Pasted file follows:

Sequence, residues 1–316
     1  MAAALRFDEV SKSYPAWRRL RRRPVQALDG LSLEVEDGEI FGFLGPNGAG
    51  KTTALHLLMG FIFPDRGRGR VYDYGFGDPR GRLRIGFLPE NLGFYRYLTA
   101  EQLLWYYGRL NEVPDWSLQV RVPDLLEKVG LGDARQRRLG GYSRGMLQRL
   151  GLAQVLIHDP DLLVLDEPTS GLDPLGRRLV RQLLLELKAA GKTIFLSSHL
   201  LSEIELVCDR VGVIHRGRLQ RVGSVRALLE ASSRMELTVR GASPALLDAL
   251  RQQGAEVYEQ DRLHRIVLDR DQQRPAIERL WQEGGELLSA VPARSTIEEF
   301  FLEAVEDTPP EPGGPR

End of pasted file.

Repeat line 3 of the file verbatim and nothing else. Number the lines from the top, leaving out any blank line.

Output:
    51  KTTALHLLMG FIFPDRGRGR VYDYGFGDPR GRLRIGFLPE NLGFYRYLTA